Of course, there is always a new threshold for the scientific community after a new great record. And for tandem devices, the cycle of efficiency records is much faster, which is typical of the early development of a new technology with incredible potential. How long do you think it will take for the solar community to reach 35%?

Gianluca Coletti is Associate Professor at the University of New South Wales Sydney and Program manager Tandem solar technology and applications at Netherlands Organization for Applied Scientific Research (TNO), which is currently seeking to market a two terminals (2T) within the perovskite-silicon tandem solar cell technology a a four-year research project called FIT4Market.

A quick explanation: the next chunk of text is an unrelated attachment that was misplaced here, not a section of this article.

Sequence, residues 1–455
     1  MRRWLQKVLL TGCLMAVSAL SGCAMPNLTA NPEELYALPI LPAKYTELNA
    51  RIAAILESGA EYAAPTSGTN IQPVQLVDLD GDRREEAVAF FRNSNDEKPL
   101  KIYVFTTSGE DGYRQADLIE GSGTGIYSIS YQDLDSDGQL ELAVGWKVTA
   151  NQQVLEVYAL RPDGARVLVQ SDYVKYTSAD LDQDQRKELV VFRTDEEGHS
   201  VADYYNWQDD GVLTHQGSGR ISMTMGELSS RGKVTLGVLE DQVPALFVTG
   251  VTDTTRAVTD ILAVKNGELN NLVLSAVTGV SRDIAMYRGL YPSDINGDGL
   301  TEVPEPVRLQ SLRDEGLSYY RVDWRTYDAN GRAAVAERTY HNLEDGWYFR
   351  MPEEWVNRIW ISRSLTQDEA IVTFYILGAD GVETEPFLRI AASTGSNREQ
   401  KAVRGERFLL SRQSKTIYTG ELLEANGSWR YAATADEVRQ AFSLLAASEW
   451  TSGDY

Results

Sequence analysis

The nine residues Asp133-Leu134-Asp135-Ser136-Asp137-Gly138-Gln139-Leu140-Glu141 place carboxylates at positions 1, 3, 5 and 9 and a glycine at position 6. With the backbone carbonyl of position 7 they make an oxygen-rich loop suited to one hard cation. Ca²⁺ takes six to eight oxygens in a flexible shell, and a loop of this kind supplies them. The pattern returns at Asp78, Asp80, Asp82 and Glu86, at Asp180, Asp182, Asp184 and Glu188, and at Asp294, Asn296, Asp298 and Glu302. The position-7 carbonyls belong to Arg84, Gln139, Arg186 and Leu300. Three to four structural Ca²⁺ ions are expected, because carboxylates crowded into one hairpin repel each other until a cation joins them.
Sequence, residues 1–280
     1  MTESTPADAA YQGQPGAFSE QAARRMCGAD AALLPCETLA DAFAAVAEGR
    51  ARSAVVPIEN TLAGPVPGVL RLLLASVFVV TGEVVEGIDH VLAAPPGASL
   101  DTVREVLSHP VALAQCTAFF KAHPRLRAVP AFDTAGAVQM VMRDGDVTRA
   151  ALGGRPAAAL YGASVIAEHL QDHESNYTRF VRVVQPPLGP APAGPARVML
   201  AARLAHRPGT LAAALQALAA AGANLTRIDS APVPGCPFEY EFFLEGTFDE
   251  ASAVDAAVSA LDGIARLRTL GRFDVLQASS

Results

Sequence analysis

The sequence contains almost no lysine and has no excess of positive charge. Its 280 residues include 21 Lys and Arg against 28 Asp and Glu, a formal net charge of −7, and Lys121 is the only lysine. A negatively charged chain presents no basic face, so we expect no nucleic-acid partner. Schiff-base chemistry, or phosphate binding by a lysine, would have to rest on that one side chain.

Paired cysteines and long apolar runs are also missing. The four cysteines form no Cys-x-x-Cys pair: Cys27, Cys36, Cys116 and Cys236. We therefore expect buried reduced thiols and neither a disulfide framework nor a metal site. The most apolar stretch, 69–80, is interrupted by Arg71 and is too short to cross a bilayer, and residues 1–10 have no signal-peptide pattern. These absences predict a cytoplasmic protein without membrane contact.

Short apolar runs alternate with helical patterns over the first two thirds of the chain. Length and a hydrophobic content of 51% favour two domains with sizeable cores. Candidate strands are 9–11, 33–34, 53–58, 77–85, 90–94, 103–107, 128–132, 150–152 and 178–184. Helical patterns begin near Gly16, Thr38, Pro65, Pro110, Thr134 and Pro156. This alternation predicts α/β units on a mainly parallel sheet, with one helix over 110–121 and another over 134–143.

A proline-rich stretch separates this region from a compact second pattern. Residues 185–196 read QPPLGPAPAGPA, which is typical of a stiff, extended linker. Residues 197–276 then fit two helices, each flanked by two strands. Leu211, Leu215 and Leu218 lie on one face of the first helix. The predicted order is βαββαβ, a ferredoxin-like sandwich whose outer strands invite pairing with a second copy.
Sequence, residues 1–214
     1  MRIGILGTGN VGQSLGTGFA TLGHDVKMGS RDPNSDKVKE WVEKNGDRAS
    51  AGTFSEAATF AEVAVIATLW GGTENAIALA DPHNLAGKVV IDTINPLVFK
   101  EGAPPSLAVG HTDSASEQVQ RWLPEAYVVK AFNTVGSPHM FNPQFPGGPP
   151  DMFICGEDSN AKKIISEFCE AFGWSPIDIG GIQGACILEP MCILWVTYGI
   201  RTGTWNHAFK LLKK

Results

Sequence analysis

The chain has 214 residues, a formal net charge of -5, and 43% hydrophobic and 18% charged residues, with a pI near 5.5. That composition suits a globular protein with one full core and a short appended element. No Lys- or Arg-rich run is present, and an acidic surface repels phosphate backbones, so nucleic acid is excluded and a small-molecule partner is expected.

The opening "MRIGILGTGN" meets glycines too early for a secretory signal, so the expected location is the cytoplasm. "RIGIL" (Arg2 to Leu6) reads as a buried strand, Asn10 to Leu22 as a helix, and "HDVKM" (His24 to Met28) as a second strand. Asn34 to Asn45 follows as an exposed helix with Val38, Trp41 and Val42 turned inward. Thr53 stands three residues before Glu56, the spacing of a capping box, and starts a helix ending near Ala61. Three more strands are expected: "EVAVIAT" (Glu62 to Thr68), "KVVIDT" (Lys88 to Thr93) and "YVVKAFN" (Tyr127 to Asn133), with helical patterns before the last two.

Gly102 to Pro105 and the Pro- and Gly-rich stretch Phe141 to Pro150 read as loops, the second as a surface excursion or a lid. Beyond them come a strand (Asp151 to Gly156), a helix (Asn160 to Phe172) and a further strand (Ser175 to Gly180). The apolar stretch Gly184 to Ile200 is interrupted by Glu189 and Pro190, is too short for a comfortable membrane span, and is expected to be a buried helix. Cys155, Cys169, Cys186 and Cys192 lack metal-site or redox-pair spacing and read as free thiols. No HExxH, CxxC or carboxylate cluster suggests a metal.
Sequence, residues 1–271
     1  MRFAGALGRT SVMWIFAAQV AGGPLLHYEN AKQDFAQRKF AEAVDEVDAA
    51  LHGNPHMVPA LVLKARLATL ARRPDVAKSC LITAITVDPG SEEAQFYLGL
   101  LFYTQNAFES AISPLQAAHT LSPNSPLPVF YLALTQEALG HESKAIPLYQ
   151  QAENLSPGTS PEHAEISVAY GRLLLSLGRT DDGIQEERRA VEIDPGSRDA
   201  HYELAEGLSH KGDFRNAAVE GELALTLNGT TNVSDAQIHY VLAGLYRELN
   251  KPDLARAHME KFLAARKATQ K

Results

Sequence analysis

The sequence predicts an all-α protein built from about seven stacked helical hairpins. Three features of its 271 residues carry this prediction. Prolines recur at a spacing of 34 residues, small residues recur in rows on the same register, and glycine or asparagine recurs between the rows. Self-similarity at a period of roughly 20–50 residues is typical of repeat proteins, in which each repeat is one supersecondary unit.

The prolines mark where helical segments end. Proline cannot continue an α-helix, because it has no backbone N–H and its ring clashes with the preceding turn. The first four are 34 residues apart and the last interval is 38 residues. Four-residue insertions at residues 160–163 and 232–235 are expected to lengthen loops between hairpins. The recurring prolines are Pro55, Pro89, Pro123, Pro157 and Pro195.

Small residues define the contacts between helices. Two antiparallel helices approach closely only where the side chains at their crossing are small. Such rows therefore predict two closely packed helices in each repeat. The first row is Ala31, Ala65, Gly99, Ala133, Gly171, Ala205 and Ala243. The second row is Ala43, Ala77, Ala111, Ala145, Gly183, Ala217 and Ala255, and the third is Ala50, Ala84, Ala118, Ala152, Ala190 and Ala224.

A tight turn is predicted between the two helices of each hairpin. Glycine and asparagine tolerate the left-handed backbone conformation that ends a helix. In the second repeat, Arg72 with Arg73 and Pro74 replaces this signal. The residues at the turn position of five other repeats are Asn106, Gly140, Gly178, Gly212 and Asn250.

David is a passionate writer and researcher who specializes in solar energy. He has a strong background in engineering and environmental science, which gives him a deep understanding of the science behind solar power and its benefits. David writes about the latest developments in solar technology and provides practical advice for homeowners and businesses who are interested in switching to solar.